On June 12 it was 25 years since President Reagan told President Gorbachev what to do with his wall, and rhetoric historian Ted Widmer had a smart analysis of the situation in The New York Times.
The speech was made historical when Reagan ignored the handwringing of his aides, who worried about the politics of publicly haranguing Gorbachev:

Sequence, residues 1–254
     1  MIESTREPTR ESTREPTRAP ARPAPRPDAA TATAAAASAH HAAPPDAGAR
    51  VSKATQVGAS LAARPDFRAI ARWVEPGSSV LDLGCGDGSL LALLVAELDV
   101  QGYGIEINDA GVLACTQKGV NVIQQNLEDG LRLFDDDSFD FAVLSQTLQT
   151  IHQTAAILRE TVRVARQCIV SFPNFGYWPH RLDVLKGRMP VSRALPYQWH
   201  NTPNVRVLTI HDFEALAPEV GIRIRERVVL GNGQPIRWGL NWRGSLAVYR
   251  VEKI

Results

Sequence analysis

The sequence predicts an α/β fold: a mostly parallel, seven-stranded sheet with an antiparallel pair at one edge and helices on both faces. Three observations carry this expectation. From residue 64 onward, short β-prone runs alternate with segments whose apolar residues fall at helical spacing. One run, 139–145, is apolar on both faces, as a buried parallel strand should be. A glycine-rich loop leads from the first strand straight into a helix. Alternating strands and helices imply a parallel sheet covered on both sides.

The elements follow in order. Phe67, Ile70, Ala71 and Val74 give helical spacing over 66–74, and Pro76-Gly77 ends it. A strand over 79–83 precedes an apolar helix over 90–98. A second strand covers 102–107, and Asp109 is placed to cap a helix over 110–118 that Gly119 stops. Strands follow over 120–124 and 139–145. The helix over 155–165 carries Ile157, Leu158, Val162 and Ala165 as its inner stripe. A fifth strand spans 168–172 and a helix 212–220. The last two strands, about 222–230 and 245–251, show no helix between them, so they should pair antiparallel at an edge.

One of Reagan’s gifts, however, was not to care about the wisps of history, or the contrary advice of his advisers. He insisted that the line be included, and so, midway through the speech, the president said, “Mr. Gorbachev, open this gate! Mr. Gorbachev, tear down this wall!” The lines were delivered crisply. It is unusual for a president to use the second-person imperative — it’s one of the reasons we remember J.F.K.’s invocation to “ask not.” Near the end, Reagan spotted a bit of graffiti spray-painted on the wall, and read it aloud: “This wall will fall. Beliefs become reality.”